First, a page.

2018: hip-hop's commercial and pop culture appeal hits an all-time high
Hip-hop has never been more commercially viable than it is in 2018. There is a thriving underground movement, the biggest stars are at the apex of their powers, and the genre boasts some of the most recognizable faces in the industry. Though 2018 is not yet over, the past year has already been filled with a number of high profile releases and memorable moments, perhaps none more so than the beef between Pusha T and Drake. On the seamlessly pure and airtight Daytona, the first of five albums to emerge from Kanye West’s Wyoming recording sessions, Pusha basked in brevity and production that fit his fearlessness. The underlying cravings for confrontation came to a head with the malicious “The Story of Adidon,” a track that continues to saturate the public discourse five-plus months after its release. It was the perfect storm: Pusha stood toe-to-toe with Drake, laughed in the face of decorum, and surgically dismantled the biggest rapper on the face of the planet with unsettling ease. In choosing to focus on Drake’s character and personal relationships, Pusha blew his opponent’s cover and tarnished his image in a way that no other competitor had done before. “The Story of Adidon” was the kind of cold-blooded record that would put any other rapper six feet under.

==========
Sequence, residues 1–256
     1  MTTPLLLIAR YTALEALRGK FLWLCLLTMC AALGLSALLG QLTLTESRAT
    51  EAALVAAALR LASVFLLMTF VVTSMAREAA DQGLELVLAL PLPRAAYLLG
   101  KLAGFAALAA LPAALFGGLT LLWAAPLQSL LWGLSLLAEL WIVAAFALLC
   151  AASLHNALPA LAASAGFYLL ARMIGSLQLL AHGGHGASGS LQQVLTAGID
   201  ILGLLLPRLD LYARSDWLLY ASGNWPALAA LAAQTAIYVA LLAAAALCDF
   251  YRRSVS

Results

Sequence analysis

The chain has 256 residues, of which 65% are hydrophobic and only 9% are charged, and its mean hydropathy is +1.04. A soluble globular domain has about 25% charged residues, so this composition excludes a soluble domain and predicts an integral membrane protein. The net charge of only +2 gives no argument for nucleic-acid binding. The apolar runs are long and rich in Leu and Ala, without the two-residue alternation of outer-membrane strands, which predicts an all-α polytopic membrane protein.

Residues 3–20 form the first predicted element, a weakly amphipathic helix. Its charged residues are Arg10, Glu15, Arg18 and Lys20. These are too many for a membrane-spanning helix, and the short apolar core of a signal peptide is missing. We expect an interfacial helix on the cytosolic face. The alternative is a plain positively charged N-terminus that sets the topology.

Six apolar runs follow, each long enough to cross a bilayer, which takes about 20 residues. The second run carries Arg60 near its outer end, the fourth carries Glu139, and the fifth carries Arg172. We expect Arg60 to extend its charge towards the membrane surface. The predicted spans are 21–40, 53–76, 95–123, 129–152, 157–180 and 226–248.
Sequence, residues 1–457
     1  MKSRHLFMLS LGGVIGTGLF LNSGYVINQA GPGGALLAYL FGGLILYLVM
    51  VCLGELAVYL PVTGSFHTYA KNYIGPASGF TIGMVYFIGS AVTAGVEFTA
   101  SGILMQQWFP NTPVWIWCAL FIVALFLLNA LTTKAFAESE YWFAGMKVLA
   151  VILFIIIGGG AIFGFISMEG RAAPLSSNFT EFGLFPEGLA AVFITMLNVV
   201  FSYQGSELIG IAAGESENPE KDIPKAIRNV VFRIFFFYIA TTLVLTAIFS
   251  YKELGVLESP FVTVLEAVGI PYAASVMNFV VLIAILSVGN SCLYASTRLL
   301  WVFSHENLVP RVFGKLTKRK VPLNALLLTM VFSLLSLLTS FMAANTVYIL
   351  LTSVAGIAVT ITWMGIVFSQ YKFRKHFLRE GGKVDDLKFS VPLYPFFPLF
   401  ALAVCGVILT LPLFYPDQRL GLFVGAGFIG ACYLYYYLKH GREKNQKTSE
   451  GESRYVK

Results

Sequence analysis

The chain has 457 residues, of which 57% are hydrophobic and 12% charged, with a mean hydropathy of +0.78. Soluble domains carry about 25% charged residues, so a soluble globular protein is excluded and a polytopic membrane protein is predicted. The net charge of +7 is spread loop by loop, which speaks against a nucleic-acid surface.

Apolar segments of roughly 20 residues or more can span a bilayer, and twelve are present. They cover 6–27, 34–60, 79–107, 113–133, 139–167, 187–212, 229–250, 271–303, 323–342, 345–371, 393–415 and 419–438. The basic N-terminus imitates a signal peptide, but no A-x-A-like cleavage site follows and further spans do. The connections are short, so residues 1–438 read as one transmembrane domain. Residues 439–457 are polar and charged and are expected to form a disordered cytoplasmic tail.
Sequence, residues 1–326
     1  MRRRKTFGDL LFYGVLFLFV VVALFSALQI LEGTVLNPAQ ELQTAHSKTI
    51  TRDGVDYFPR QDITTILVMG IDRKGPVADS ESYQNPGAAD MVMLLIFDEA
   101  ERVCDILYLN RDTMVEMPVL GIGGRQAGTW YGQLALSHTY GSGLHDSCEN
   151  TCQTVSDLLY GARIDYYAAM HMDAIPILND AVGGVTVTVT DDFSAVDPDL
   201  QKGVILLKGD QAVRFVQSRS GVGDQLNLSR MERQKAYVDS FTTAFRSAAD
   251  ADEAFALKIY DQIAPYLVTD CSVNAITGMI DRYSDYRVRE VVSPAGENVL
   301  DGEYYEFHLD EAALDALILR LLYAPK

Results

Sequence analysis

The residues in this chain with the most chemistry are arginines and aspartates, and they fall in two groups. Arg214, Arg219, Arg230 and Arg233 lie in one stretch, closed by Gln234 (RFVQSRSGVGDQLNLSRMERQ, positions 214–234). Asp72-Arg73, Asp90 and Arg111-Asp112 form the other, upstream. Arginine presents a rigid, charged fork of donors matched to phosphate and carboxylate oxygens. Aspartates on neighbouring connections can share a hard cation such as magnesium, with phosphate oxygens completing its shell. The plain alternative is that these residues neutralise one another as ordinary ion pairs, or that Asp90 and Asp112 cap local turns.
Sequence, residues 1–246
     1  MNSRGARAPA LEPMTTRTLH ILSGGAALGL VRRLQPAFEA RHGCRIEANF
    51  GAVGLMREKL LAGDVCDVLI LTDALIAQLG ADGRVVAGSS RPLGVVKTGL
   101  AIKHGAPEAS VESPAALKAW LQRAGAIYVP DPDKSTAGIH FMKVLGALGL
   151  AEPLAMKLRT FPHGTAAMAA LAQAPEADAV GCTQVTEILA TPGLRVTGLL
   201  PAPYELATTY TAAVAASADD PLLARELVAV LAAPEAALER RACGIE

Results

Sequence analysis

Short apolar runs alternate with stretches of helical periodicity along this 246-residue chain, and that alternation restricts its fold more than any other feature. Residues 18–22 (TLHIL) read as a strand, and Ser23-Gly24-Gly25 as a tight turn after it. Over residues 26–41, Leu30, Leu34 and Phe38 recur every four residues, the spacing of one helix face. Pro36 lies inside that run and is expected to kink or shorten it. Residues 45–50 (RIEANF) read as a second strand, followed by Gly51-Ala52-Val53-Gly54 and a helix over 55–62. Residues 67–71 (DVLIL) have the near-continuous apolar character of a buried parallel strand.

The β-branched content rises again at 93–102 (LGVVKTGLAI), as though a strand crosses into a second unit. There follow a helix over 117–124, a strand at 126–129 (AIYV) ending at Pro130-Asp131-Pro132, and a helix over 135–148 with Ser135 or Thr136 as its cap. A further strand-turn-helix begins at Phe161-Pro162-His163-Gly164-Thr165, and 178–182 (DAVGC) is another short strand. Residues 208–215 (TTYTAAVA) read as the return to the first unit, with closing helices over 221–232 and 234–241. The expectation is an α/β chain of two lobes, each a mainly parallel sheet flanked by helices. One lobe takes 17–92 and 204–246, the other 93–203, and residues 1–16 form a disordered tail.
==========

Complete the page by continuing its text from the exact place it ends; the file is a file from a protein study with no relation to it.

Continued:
Although the altercation revealed chinks in Drake’s armor, he ultimately won the war, continuing his nine-year monopoly of the Billboard charts. His double album Scorpion didn't exactly impress as a cohesive body of work, but “God’s Plan,”“Nice For What,” and “In My Feelings” spent a grand total of six months on top of the Hot 100, one of the most impressive individual stretches in music history. Having just announced plans to get to work on a new album once his “Aubrey & the Three Migos Tour” wraps up, it appears that Drake has no plans of letting up any time soon.